The eighth edition of the Tour of Oman, due to begin at Al Sawadi Beach on the 14th February, looks set to welcome a diverse range of riders to the startline with its varied stage terrain.
An initial sprint stage on the coast will suit the likes of marquee names Tom Boonen and Alexander Kristoff, with riders like Sacha Modolo, Greg Van Avermaet, Adam Blythe, Max Walscheid and Kenny Dehaes likely battling it out for the top placings alongside.
During the race, the leader of the General Classification wears a red jersey, the leader of sprinter’s points classification is denoted by a green jersey and best young rider by white. The race does not contain a mountains jersey. The most aggressive rider wears a white jersey with green and red polka-dots.
Now in its eighth year, the route of the Tour of Oman is a familiar one. The downhill run towards the line on stage 1 at Naseem Park looks certain to be a bunch sprint, but the fast men will be ruled out of contention on the following leg to Al Bustan, which features four categorised climbs, including the stiff Al Jissah. Jungels won there a year ago by powering clear on the descent using a 55-tooth chainring.
The uphill finish at Quriyat on stage 3 was claimed by Edvald Boasson Hagen a year ago, and the finale is tough enough for the GC contenders to show themselves. Stage 4 features three successive ascents of Boucher Al Amerat that will inevitably force a selection before the finish at the Ministry of Tourism.
The general classification question will be decided, meanwhile, on the penultimate leg to Green Mountain, which serves as something of a latter-day Mont Faron for GC men seeking a (very) early test of their climbing legs. The final slopes of the climb are particularly brutal, and after inching his way to second place a year ago, Bardet will aim to go one better this time around. The short final day to Matrah Corniche, meanwhile, will offer the sprinters one final opportunity for stage honours.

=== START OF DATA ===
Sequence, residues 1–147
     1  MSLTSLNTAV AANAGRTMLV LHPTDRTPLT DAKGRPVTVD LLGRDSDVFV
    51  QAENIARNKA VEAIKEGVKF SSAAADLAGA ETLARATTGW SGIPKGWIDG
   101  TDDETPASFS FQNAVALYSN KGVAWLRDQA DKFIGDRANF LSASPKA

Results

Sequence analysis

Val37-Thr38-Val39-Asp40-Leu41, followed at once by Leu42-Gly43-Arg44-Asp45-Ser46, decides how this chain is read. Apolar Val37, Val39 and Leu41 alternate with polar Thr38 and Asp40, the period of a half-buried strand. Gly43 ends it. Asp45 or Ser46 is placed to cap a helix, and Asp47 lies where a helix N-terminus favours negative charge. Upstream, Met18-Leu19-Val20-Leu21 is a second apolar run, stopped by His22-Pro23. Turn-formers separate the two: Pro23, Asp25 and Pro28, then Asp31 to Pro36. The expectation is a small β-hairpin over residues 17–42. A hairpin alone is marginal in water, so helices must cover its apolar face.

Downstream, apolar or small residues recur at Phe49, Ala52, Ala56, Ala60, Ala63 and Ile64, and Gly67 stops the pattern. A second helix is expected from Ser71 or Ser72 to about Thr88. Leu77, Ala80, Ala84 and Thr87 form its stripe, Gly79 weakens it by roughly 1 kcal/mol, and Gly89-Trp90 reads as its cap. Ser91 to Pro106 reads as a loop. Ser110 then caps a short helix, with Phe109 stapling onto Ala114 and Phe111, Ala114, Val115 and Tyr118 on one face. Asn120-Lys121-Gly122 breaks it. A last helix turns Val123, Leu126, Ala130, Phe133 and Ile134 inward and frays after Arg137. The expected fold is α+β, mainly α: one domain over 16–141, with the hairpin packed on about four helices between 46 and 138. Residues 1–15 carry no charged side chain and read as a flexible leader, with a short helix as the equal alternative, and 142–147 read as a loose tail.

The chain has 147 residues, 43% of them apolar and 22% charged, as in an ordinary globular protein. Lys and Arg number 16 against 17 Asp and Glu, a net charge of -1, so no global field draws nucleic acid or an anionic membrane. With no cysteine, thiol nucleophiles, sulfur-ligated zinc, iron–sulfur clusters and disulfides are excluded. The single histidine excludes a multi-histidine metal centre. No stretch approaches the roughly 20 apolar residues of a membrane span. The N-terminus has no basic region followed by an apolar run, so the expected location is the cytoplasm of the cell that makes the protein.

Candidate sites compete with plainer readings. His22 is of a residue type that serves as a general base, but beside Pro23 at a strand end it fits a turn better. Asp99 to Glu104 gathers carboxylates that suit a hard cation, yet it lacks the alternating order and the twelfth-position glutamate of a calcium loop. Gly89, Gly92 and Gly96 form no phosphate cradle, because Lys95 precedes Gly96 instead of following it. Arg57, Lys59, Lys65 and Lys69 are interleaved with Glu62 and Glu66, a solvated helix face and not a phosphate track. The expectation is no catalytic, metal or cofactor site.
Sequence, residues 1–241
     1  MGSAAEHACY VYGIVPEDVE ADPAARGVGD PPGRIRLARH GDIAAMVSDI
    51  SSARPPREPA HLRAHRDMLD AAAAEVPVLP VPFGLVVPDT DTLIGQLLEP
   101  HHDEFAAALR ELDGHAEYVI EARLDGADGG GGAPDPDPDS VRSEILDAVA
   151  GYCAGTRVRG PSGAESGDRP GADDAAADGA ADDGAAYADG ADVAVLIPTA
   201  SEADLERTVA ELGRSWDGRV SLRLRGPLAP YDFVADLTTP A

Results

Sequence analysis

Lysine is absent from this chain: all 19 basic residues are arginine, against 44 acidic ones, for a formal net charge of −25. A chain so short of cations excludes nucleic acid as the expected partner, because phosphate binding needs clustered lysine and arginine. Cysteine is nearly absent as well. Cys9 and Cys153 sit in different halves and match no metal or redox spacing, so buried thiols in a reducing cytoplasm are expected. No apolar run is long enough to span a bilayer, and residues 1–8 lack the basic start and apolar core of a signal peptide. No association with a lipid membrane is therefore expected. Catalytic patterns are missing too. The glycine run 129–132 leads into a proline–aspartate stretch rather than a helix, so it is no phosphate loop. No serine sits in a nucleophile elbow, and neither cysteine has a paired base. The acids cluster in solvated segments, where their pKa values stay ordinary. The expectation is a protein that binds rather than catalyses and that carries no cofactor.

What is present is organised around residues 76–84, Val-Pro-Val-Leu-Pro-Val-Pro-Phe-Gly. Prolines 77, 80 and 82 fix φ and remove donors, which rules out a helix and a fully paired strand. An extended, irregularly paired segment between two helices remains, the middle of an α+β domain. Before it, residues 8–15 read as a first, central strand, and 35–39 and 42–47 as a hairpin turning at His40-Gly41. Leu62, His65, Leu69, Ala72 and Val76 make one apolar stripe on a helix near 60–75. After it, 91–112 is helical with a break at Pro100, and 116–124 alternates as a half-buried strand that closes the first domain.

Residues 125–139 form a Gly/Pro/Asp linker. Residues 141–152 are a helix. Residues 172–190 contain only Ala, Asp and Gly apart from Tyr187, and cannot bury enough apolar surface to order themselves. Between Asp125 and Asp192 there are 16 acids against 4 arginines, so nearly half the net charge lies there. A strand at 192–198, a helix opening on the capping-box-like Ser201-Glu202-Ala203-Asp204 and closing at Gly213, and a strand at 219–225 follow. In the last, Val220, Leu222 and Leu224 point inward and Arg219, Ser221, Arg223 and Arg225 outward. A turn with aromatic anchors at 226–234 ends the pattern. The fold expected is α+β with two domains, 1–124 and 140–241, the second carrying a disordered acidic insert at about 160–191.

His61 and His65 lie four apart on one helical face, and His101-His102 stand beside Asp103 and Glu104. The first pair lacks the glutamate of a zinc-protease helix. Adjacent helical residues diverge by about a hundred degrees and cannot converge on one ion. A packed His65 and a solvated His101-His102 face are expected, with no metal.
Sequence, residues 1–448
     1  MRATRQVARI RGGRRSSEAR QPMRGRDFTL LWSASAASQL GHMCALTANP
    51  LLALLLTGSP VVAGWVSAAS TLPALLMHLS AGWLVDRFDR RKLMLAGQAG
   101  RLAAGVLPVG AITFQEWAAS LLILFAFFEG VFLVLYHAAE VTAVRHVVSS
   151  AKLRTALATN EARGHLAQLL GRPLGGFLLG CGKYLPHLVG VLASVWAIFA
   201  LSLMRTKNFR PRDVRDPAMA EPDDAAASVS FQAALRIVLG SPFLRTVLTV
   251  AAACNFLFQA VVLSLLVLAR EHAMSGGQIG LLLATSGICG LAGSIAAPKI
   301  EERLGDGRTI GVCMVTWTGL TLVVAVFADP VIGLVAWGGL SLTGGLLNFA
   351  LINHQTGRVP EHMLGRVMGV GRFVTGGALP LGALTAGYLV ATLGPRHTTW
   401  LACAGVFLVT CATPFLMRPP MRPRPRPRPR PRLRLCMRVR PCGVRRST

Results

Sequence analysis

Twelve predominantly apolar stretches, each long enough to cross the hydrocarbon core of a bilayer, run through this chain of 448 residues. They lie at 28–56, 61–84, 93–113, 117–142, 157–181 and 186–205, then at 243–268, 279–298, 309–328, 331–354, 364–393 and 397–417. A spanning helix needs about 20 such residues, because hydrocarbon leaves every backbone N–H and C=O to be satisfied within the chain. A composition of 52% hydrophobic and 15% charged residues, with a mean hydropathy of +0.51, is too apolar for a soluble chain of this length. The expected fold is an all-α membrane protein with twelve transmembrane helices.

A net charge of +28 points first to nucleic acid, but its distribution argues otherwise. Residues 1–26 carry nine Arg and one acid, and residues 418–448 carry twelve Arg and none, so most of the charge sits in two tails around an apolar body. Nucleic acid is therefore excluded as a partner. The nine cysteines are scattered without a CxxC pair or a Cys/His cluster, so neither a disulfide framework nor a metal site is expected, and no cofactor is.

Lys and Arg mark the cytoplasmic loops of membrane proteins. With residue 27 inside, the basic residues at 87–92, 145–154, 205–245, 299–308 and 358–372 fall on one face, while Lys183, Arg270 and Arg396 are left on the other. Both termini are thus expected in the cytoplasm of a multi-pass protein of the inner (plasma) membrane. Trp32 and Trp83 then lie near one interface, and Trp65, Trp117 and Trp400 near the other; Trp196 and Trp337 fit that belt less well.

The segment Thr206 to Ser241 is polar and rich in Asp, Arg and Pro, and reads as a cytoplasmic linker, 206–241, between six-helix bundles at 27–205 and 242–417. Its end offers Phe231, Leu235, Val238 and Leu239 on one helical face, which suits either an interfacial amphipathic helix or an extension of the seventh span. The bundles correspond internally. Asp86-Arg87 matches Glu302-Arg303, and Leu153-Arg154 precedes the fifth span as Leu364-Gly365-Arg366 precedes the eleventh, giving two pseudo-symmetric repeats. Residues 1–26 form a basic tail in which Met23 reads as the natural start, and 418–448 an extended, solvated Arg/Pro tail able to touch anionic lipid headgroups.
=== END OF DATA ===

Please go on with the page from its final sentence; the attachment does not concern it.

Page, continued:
To win this race, you need to cope with the Green Mountain. That means you have to be a top climber, although, picking up bonus seconds in the other stages would help.
Fabio Aru – after winning the Vuelta in 2015, everyone expected a big season from Aru. Unfortunately, 2016 will go down as a very poor year. A breakaway win in the Dauphine was the only high point, with many low points. He was 14th in Catalunya, DNF in Pais Vasco, DNF in Amstel, 45th in the Dauphine and 13th in the Tour. I’m sure we all remember how spectacularly he blew in the final mountain stage to Morzine, while sitting 6th on GC. With no Nibali, all the GC pressure from Astana is now on Aru. His bosses have a reputation for lacking patience, they will not tolerate another poor season. With the Giro as his big target, I would expect him to hit the season running.
Jakob Fuglsang – 3rd here in 2016, the Dane returns for another shot at the title. He has already shown good form in 2017, finishing 6th in Valenciana. This will be one of the few races he and Aru do together this year, as Fuglsang will be riding the Tour de France as team leader. Having two options in this race is a bonus, especially on the punchy stages. Astana will expect to leave this race as the winners.
Romain Bardet – another who enjoyed this race in 2016, finishing in second place. Unlike Aru, the French rider have a wonderful season. Not only was he 2nd in the Tour, but he was also 2nd in the Dauphine. He seems to ride without fear, which excites fans. He is always prepared to attack and is not scared to lose races. Fans love this about him. He is the strongest climber in this race and starts as the favourite.
Rui Costa – the former world champion is now riding for the UAE Abu Dhabi team. He has started the season in fine form, winning the Queen stage in Vuelta San Juan. Races in this part of the world are very important for his new team, so expect Costa to be riding at a high level. He certainly has a good chance of winning a stage and finishing high on GC.
Bob Jungels – the GC surprise of 2016. His 6th place in the Giro was once of the breakthrough results of the season. Still just 24 years old, the future is very bright for the Luxembourg rider. As he starts to focus on being a GC rider, he’ll have his ups and downs, but I hope to see him doing well here. He was a brilliant teammate in Dubai, working very well to set up the sprints. Now it’s his turn to impress.